According to the complaint, Swiggy failed to deliver the order worth INR 148 within the promotional time frame of 30 minutes in 2019
Swiggy’s counsel claimed that since it is not making food nor delivering it on its own, it can’t be held liable for any deficiency in service
The consumer panel rejected the argument, stating if Swiggy has a contract with a restaurant or delivery partner, it has the responsibility to ensure service
Food delivery major Swiggy has been fined INR 11,000 by the district consumer dispute and redressal commission, Bathinda after a local resident filed a complaint against it for deficiency of service.
According to the complaint filed by Mohit Gupta, Swiggy failed to deliver the order worth INR 148 within the promotional time frame of 30 minutes in 2019.
The complainant’s counsel added that while the order was eventually cancelled, he only received a refund of INR 74. The counsel stated that Swiggy deducted the rest of the amount without any explanation.
However, Swiggy’s counsel stated that Swiggy is neither the seller of food or beverages nor delivers the food or beverages on its own. Therefore, it cannot be held liable for any deficiency arising out of the non-delivery of an order either by the restaurant or the delivery partner.
In essence, the food delivery major stated that it was only there to facilitate placing orders with restaurants. This claim was rejected by the commission, however.
“If Swiggy has a contract with a restaurant or pick-up and delivery partner, it is the responsibility of the opposite party (Swiggy) to get the job done and provide proper service to the customer with whom it has made a contract or received charges on behalf of the restaurant or pick-up and delivery partner,” the commission noted.
Incidentally, it is prudent to mention here that Swiggy classifies itself as a logistics company. Therefore, it has at least some control over the delivery executives and thus the delivery time it can promise and deliver on.
Swiggy also stated before the commission that the order was cancelled because Gupta was not reachable when a delivery executive was trying to locate the given delivery address. The unicorn stated that the delivery executive made multiple calls to Gupta.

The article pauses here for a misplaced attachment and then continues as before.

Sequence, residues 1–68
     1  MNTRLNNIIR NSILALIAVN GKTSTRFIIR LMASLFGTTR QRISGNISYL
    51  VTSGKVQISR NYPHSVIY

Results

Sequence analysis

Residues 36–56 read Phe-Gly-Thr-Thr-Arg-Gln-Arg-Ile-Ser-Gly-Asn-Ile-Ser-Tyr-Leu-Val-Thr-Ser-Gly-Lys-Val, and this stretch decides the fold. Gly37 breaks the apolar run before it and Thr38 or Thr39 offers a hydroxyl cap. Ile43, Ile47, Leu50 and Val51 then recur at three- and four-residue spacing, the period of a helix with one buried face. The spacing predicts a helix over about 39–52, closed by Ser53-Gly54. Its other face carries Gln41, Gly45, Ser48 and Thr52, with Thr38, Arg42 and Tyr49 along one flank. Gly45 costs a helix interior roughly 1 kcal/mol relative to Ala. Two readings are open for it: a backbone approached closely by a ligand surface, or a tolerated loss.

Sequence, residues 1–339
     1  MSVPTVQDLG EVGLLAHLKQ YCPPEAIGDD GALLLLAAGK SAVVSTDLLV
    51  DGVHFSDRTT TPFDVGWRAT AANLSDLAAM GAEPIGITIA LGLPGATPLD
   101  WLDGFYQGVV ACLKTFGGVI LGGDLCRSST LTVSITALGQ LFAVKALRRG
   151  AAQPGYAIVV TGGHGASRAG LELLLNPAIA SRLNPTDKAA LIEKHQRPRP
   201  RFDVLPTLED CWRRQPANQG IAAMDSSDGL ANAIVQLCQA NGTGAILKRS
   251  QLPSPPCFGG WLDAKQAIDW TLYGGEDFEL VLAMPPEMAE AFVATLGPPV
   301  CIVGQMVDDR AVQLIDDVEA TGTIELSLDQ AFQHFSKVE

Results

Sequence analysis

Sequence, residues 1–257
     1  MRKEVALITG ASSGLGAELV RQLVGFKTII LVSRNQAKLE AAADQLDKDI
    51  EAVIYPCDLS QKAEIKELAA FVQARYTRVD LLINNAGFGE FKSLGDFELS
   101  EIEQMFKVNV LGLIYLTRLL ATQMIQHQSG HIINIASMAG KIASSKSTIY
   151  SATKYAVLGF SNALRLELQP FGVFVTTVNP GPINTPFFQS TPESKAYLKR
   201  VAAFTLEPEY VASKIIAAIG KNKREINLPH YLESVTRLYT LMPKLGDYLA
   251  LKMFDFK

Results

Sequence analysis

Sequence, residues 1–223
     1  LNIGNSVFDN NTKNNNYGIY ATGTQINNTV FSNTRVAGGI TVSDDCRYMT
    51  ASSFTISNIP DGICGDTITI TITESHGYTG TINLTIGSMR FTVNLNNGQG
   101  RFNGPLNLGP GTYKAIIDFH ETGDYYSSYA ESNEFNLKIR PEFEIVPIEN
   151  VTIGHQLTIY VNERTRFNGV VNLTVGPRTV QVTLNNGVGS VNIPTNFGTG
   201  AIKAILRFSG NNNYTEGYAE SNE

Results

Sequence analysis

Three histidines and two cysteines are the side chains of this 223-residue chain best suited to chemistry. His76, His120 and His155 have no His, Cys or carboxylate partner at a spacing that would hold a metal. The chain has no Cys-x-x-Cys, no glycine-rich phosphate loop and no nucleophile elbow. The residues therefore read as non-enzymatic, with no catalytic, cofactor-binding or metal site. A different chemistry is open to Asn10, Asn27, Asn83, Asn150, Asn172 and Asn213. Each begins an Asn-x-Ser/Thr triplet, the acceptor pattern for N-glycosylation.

However, the commission stated that Swiggy had failed to produce the identity of the delivery executive, the call records to corroborate the statement and any statement from the delivery executive.
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Swiggy’s claim that it is only facilitating ordering from restaurants comes after its rival Zomato claimed that it has no control over price differences between online and offline orders.
Zomato’s case surfaced after a LinkedIn user revealed that ordering on Zomato was more expensive as the price of the food items was more as compared to their actual prices offline. The user had said that it was costing as much as 35% more per order to order from Zomato.
It can be justified to some extent by stating that Zomato does not control the price at which the restaurant is listing its offerings. However, without conducting proper due diligence on the existing price list, the food delivery giant is just enabling extortionate pricing practices.
Even though Zomato and Swiggy claim that they are aggregators, there still are some service level agreements (SLAs) in place, and the two have to enforce the said SLAs.